The Supreme Court's unanimous decision Tuesday to overturn the 2002 conviction of Arthur Andersen for obstruction of justice could be good news for another fallen giant, investment banker Frank Quattrone.
Credit Suisse First Boston
banker was convicted last year on three counts of obstruction, including the same witness-tampering offense of which Andersen was found guilty in the wake of Enron's bankruptcy.
Currently, Quattrone is appealing the verdict to the U.S. Second Circuit Court of Appeals. In an initial brief filed with the appellate court in February, his lawyers noted the Supreme Court had agreed to hear Andersen's appeal and that the ruling could have a bearing on Quattrone's conviction.
In the Andersen case, the Supreme Court said the trial court's instructions to the jury were too vague when it came to explaining whether Andersen had acted "corruptly" in destroying documents that might have been helpful to Enron investigators.
The court, in a 13-page opinion written by Chief Justice William Rehnquist, said it isn't "wrongful for a manager to instruct his employees to comply with a valid document retention policy under ordinary circumstances." The trial court erred when its instructions "failed to convey the requisite consciousness of wrongdoing" needed to violate the law against obstruction of justice.
Rehnquist said the trial court's ruling "diluted the meaning of 'corruptly' so that it covered innocent conduct."
"Based on this opinion, it looks the jury instructions allowed the jury to convict based on conduct that Andersen employees believed was lawful," says Jill Fisch, a securities law professor at Fordham University School of Law.
Quattrone's legal team didn't comment on the Supreme Court decision. It did, however, file a motion Tuesday seeking to extend a deadline for filing in the case in light of the Supreme Court ruling. Late Tuesday, the appellate granted the request, giving Quattrone's lawyers until the end of the week to file their final brief.
Quattrone's lawyers said: "Quattrone presented an argument addressed to the propriety of the jury instruction below that is directly supported by the Supreme Court's Andersen decision.'' The lawyers also said the Andersen decision may have "important bearing on Quattrone's argument that the evidence against him at trial was legally insufficient.''
Stephen Ryan, a partner with Manatt, Phelps & Phillips and a former federal prosecutor, says the Supreme Court's ruling potentially is good news for Quattrone and other corporate defendants charged solely with an obstruction offense.
"Every single white-collar guy convicted of obstruction or tampering is going to be looking through every sentence of this opinion for a get-out-of-jail-free card," says Ryan. "There is a lot in there for anyone who has been convicted in that area."
A little over a year ago, a federal jury in Manhattan convicted Quattrone on charges of obstructing a grand jury, obstructing federal regulators and witness tampering. The jury took just seven hours of deliberation to convict Quattrone. An earlier trial had ended with a hung jury.
The case against Quattrone stemmed from a single email in which Quattrone recommended that his staff members clean out their files and destroy documents. Quattrone and his lawyers portrayed the email as a routine Wall Street housekeeping move. But prosecutors said Quattrone had a more sinister motive, because he had just become aware of a federal investigation into CFSB's IPO practices.
In the Andersen case, no formal investigation had been started when the company sent its emails.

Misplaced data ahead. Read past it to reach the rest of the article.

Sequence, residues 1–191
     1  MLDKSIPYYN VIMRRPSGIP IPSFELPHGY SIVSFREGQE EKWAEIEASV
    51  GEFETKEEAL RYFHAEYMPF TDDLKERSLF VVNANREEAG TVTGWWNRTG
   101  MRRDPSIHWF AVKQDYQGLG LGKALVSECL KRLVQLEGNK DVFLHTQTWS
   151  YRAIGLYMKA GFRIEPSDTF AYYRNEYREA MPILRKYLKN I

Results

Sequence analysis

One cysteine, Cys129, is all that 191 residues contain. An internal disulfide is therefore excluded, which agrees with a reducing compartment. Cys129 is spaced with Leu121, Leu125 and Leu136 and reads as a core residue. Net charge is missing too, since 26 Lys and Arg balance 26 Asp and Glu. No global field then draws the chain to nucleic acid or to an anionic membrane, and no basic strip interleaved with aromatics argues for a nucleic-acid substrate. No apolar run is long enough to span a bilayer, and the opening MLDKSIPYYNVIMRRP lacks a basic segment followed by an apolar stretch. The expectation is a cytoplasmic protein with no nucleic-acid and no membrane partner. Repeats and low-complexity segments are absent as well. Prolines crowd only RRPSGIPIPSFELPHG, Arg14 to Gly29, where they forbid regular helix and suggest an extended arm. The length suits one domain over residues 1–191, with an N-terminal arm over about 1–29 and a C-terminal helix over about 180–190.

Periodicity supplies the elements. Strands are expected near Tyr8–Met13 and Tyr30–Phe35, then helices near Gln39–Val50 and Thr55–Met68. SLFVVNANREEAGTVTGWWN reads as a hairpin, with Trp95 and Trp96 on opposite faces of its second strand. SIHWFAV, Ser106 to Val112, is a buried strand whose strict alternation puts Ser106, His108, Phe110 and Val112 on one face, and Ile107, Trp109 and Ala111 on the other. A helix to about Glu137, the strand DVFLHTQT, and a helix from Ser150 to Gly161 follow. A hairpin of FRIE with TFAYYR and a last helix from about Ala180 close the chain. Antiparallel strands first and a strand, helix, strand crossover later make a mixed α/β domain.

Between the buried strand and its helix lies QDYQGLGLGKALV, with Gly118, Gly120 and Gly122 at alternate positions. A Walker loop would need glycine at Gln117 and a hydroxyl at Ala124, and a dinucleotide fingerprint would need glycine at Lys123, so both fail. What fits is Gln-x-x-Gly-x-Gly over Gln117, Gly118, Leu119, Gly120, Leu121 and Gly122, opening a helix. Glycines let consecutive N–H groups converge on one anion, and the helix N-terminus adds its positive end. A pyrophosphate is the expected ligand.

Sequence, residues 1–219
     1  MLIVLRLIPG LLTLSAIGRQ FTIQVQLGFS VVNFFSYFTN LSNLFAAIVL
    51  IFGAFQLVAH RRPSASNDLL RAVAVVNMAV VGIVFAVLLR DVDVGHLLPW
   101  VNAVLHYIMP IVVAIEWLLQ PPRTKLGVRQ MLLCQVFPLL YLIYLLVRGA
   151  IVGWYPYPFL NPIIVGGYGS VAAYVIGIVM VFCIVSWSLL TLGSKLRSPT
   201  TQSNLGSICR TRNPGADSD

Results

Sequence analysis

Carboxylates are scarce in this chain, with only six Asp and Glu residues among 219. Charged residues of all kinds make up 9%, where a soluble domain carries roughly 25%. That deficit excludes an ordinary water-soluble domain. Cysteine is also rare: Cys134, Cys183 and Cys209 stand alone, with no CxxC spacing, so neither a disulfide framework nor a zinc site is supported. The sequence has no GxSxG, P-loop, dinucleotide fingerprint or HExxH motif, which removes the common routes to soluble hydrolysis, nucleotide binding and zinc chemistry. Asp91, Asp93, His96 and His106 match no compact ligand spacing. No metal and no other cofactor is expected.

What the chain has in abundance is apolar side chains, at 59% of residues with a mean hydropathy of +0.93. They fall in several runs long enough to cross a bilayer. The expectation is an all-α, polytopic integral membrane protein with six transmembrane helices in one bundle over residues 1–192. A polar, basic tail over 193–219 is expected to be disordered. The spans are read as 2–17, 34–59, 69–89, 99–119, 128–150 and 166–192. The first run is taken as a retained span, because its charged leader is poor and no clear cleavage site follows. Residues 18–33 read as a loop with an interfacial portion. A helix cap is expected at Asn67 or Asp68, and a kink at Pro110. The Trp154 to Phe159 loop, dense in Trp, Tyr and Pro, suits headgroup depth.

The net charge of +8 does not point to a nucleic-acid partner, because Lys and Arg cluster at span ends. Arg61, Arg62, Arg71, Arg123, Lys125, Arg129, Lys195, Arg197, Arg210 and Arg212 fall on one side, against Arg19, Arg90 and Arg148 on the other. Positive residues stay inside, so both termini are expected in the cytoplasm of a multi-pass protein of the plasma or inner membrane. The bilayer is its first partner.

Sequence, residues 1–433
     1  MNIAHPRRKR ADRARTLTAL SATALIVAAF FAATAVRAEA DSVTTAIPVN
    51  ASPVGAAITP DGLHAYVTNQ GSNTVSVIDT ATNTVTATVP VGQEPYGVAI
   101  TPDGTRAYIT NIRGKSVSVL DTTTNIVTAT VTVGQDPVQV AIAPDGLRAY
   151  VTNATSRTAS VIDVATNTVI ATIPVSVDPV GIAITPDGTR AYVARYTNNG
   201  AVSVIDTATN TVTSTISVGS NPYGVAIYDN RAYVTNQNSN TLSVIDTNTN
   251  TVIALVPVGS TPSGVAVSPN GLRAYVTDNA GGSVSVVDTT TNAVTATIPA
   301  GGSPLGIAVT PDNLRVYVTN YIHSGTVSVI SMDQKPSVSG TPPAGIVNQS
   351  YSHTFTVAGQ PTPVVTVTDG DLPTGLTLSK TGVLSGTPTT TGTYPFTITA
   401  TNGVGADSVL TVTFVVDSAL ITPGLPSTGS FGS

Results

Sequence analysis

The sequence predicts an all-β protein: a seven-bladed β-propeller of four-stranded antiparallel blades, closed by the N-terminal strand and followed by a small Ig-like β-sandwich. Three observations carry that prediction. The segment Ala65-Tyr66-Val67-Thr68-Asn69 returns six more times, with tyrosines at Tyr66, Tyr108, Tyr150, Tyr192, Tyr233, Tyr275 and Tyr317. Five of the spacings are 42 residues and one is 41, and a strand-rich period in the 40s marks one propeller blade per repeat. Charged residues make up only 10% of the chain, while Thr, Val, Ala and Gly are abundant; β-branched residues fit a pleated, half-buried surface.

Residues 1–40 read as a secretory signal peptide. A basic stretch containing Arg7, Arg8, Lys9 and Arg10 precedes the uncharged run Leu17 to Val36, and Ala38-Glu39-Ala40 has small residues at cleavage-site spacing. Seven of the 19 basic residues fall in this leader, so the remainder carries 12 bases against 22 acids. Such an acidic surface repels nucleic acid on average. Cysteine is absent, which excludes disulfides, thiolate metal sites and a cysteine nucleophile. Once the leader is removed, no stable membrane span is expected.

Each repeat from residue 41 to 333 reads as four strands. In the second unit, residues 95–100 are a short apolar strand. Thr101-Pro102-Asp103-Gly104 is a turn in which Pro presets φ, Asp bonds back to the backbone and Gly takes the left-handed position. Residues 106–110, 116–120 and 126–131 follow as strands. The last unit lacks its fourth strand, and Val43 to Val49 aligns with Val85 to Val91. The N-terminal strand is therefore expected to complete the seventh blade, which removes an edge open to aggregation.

U.S. District Judge Richard Owen, rejecting Quattrone's plea for lenience, sentenced the former star banker in September to serve 18 months in a federal prison.
For Andersen, the obstruction conviction was a death sentence. The accounting firm, which at one time was the nation's largest, all but closed its doors after the verdict, laying off 30,000 people.
The prosecution of Andersen was a cornerstone of the Bush administration's effort to go after corporate scoundrels. The audit firm's conviction, coupled with the accounting scandals at Enron and WorldCom, ushered in the federal Sarbanes-Oxley laws governing how public companies communicate with shareholders and the
Securities and Exchange Commission.
At the time, many on Wall Street and in the legal profession were critical of the government's decision to prosecute Andersen as a criminal defendant because a conviction would mean the end of the firm. Critics said it was unfair to punish the thousand of Andersen employees who had nothing to do with Andersen's audits of Enron.
The Supreme Court decision is too late to save Andersen, which effectively ceased operating after being sentenced to five years' probation and ordered to pay a $500,000 fine in October 2002. But legal experts say the ruling could make it more difficult for prosecutors to pursue obstruction cases when a company has a document-destruction policy in place.
"The implication of the Andersen reversal goes far beyond the accounting profession to any business organization that has to retain records -- which is virtually all of them," says Michael Young, a partner with the law firm Willkie Farr & Gallagher, who specializes in accounting litigation.
For Supreme Court watchers, the ruling wasn't a surprise. In oral arguments last month, the nine justices on the nation's highest court appeared to take a dim view of the government's theory of the crime. Prosecutors maintained that Andersen managers had tampered with witnesses by urging employees to selectively preserve documents in the wake of Enron's bankruptcy.
"Just because something is Enron-related doesn't mean draconian sanctions should be instituted," says Ira Lee Sorkin, a white-collar criminal defense lawyer with Carter Ledyard & Milburn in New York. "Prosecutors have to be very circumspect before they bring cases."